The Coloma Rod & Gun Club will hold their monthly CPL Class on Saturday, Oct.12 from 8 a.m. to 5 p.m. Class registration is held on Sunday, Oct. 6, from 8:00 a.m. to 1:00 p.m. The class is taught by a certified NRA and RSO instructor and the cost of the class is $105. For more information on the CPL class or Hunter Safety Class, email inquiry@colomarodandgunclub.com.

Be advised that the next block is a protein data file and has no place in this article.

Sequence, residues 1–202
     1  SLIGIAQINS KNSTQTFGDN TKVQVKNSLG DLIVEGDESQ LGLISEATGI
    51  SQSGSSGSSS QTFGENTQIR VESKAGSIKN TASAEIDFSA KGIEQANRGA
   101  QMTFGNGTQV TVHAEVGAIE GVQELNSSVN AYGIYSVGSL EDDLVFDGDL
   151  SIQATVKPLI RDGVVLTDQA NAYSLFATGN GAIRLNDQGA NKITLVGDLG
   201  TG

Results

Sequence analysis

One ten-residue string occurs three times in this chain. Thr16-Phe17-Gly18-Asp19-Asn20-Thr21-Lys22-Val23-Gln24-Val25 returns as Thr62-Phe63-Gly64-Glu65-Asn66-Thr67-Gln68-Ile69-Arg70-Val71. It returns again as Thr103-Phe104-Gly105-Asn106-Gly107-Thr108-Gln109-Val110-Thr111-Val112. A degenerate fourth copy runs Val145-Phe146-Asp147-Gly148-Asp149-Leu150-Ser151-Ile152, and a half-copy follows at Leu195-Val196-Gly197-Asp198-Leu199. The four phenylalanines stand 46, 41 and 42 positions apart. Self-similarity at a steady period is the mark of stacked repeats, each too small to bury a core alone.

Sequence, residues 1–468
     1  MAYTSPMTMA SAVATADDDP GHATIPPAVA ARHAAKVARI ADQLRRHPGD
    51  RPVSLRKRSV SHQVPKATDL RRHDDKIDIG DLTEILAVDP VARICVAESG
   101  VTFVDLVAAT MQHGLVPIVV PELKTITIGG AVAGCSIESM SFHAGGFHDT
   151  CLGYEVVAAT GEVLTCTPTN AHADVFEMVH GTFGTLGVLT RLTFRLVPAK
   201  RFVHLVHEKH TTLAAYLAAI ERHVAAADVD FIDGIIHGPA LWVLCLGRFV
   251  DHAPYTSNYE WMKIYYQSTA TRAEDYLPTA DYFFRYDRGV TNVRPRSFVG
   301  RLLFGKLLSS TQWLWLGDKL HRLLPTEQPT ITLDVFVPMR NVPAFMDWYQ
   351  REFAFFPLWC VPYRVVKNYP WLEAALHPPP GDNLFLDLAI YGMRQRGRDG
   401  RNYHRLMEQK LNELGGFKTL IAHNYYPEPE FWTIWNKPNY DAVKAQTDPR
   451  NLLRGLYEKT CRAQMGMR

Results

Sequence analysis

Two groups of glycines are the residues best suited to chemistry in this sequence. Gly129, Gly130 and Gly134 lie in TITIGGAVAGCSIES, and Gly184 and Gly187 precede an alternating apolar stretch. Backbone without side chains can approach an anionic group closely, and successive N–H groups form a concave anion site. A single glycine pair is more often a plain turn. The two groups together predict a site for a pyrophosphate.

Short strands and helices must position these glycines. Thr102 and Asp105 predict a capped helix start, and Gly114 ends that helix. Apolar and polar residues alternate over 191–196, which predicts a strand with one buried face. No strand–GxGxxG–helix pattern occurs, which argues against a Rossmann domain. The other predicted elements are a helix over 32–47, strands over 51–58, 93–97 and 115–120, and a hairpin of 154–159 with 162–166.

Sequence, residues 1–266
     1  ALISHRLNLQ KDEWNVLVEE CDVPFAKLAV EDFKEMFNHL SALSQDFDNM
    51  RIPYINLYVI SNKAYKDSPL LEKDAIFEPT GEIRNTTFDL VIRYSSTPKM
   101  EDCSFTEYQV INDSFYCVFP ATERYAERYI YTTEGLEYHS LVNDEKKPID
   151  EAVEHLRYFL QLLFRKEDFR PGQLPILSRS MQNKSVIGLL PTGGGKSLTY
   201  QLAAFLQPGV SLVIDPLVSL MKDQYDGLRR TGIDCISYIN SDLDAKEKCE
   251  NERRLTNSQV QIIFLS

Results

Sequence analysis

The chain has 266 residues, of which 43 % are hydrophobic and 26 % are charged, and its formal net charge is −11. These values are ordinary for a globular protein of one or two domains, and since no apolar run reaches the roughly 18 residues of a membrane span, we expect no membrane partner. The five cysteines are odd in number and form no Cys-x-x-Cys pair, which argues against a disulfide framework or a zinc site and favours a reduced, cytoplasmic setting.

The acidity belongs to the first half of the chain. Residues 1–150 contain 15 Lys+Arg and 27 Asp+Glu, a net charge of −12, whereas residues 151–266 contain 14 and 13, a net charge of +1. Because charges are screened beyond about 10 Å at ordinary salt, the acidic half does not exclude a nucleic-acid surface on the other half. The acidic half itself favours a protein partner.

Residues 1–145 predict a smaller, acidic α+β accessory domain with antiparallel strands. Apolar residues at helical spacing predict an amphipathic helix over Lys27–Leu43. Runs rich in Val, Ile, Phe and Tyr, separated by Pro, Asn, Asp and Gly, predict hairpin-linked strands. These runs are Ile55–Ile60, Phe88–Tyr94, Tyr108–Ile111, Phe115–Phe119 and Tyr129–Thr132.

The fall wildflowers around the nature center provide important nectar for animals preparing for winter. One species seen frequently this early fall is the painted lady butterfly. The small, orange, brown, and white butterflies live in open, disturbed sites including roadsides, gardens, pastures, and old fields. The ventral or bottom of the wing has four recognizable eyespots. These butterflies won’t stay around much longer. Painted ladies are unable to survive freezing temperatures and typically head south to overwinter in the northern deserts of Mexico. Come spring, they will re-colonize much of the North American continent all the way to just south of the Arctic. Some years provide massive population explosions. Painted lady butterflies are found on every continent except Antarctica and Australia making it the most widely distributed butterfly. Individuals moving back and forth from Europe to North Africa number in the millions, making spectacular displays as they sometimes fly close to the ground for good observation. These butterflies use plant native thistles for larvae (caterpillar) food and late summer flowering plants such as asters for adult food. Join us for a fun evening concert with the band Kennedy’s Kitchen on Friday, October 11 from 7 – 9 p.m. Listen to songs from their new CD and hear about the group’s upcoming trip to Ireland! Cost to attend is Member/$15, Non-member/$20. Please call 269-927-4832 for tickets!